REO’s and Earnest Money Deposits

I get quite a few emails with visitors asking me about earnest money deposits and real estate owned properties.  Here is a good Frequently Asked Questions for bank owned houses and earnest money deposits.

How do I provide the Earnest Money Deposit with the initial offer?

Here is the way we do it.  With every offer we have a scanned copy of check written out to “___________ Escrow.”  The idea is, if the contract gets accepted you can just take the check and write the name of the escrow company agreed upon.  So after the fact you’d squeeze in “ABC” before the word Escrow.

What amount of earnest money deposit should I provide?

There is no correct answer for this.  It depends on the price range of properties.  As an absolute minimum it should be $1,000 (for bank owned properties).  Another rule of thumb is for cash transactions a minimum of 10% of the purchase price is requested.  We usually do $5,000 or $10,000.  If the market you work is not very competitive you can probably get away with less but remember this portrays how serious you are as a buyer.

Who holds the earnest money deposit?

I do not provide the physical copy of the check, just this scanned copy with every offer.  Every so often agents will request a physical copy of the check to hold in their office, or sometimes they even want a cashiers check.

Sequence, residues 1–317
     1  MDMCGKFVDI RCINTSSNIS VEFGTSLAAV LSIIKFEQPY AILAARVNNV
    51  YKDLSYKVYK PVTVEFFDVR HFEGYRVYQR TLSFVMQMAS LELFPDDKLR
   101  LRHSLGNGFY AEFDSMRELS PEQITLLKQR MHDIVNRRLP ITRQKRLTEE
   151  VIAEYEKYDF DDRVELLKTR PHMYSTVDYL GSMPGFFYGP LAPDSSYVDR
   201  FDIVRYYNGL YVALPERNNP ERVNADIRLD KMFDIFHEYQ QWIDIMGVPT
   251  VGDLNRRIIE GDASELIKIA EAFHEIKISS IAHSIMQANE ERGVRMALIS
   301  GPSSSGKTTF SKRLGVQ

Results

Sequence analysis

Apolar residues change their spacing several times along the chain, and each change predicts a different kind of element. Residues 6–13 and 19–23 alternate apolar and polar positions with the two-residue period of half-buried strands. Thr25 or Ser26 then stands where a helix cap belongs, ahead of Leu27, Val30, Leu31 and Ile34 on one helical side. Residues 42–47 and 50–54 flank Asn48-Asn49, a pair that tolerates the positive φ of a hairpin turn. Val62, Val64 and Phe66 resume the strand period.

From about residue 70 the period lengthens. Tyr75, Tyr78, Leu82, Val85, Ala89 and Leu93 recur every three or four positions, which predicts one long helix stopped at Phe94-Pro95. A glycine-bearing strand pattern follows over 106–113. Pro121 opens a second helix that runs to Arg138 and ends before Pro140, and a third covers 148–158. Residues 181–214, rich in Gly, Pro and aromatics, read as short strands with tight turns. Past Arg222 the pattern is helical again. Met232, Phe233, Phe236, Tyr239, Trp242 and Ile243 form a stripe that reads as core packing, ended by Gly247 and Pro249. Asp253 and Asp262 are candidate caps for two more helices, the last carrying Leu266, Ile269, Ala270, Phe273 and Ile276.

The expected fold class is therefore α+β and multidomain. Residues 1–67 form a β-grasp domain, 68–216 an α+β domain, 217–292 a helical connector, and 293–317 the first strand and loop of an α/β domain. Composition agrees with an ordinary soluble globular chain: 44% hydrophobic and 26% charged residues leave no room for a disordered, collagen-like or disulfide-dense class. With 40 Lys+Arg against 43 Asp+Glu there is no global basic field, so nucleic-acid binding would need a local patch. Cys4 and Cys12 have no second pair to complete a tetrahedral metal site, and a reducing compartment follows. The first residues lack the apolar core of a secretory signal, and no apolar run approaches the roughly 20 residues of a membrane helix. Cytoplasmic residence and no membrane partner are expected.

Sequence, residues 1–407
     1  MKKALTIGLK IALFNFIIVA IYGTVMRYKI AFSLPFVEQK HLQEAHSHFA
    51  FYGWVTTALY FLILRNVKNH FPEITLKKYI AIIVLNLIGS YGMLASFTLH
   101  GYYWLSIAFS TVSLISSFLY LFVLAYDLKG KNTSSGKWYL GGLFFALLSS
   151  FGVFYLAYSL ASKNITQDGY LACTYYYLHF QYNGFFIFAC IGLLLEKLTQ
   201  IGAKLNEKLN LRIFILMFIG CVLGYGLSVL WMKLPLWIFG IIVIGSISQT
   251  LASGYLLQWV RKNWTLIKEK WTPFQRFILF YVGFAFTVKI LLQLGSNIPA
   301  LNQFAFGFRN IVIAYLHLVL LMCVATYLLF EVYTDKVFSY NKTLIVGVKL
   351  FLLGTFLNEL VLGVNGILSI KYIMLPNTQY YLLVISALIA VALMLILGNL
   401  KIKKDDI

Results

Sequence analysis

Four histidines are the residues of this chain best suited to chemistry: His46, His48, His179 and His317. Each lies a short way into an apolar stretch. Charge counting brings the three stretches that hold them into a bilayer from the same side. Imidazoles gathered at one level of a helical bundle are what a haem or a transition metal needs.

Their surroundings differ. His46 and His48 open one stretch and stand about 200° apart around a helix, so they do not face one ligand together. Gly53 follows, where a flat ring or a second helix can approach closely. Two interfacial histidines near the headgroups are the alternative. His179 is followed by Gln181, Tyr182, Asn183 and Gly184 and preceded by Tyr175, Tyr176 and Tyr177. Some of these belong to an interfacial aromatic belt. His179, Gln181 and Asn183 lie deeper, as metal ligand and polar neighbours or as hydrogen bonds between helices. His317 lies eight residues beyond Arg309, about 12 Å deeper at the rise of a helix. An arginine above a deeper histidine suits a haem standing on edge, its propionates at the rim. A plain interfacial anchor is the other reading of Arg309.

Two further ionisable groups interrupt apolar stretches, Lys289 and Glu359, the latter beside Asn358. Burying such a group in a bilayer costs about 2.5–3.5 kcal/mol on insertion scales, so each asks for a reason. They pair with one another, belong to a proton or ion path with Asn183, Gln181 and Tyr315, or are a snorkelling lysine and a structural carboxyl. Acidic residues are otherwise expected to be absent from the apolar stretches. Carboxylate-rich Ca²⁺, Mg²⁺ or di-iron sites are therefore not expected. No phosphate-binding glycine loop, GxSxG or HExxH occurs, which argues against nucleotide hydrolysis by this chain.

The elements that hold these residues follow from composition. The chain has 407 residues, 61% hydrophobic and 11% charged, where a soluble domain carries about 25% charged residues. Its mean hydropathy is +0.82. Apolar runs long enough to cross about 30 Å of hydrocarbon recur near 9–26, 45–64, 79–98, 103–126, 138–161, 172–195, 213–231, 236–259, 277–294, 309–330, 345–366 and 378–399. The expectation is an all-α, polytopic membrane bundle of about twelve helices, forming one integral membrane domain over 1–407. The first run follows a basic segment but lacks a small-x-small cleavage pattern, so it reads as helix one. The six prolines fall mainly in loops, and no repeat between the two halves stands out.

Who should the earnest money deposit check be made payable to?

See my above example, we typically make them payable to”___________ Escrow.”

Will a $1 earnest money deposit work?

A lot of gurus suggest using a $1, $10, or $100 earnest money deposit on all transactions.  This is especially true for people who write hundreds of offers a day.  DO NOT DO THIS WITH BANKS!  This will immediately show you are not serious about buying the property and you are not confident in the research you have done.

Is the the earnest money deposit refundable?

In most cases, YES.  Unless you specifically remove all contingencies in your offer you have X period of days to do your due diligence on the property.  I am sure every state is different, but I believe in California you have 7 days (review the CAR form).  Be careful though, most banks issue addendum that heavily modify the Association of Realtor default contracts and sometimes they completely remove your due diligence.

When will I have to provide the earnest money deposit?

Most banks issue an addendum to the contract you sent to them outlining additional terms and conditions.  Once you sign and agree to this contract you usually have to provide the earnest money deposit.  Most escrow companies will request a cashiers check in cash transactions.  So you will have to go the bank and get one (cashiers check usually guarantee funds are available).

What should I do if I do not have any money for a earnest money deposit?

This is a tough question, you can either focus on dealing with other segments of the market (private party sellers, probate sellers, etc) who are more flexible on the deposit.  You could also partner with someone who will provide the deposit for you or save up.

I would recommend you do not try to “fake” that you have the funds, if you cannot deliver on your promise it will ruin your reputation and believe me banks keep track of agents/buyers who do not perform.

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